The Sexton Dozed Through the Ending

It’s around Easter when the Sexton wakes beside
a partly excavated grave, in daylight and on the clock. And a repeat
at the Nighthawk with his face on the Formica™ counter, fry cook
wasting good money calling paramedics. It’s only narcolepsy,
sudden-onset shut-eye, a new body-hassle to make plans around.

When the ground freezes hard, once burials are suspended
on account of winter layoff, he will step away,
sign up for Social Security. He’ll try to stay out
of the cemetery for a year or two, before the new guy
sets his stone, runs the backhoe overhead, polishes the craft.

It’s Labor Day, the Sexton’s lungs are weak. The sleep’s upon him
half his afternoons. A fever becomes the lever that pries his hand
from the vital work of making last spaces. The place a park,
almost, he so conscientiously superintended it. A park-like setting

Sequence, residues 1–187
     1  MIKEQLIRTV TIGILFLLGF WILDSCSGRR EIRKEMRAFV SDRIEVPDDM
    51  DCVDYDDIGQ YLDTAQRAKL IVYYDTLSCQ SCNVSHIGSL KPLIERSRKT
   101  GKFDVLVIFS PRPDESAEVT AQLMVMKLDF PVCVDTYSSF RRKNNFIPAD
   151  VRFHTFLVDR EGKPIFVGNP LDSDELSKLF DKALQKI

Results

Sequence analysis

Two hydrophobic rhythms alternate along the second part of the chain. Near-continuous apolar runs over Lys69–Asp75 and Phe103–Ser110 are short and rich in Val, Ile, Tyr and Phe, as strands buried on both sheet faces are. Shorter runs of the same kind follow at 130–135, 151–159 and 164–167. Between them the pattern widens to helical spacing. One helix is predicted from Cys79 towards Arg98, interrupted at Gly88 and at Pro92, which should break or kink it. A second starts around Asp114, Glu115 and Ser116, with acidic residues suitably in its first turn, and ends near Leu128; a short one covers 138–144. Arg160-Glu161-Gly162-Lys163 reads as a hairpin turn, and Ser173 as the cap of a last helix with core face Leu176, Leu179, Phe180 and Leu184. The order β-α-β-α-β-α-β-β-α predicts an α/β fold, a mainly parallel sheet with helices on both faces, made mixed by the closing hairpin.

the perfect place for passersby to find a man, so peaceful
as to appear asleep. And a shovel
next to where he fell from, also earthbound.

Todd Mercer won the Grand Rapids Festival of the Arts Flash Fiction Contest for 2015. His digital chapbook, Life-wish Maintenance, appeared at Right Hand Pointing. Mercer’s recent poetry and fiction appear in: Bartleby Snopes, Cheap Pop, Dunes Review, Eunoia Review, Gravel, Kentucky Review, The Lake, Literary Orphans, Main Street Rag anthologies and Misty Mountain Review.

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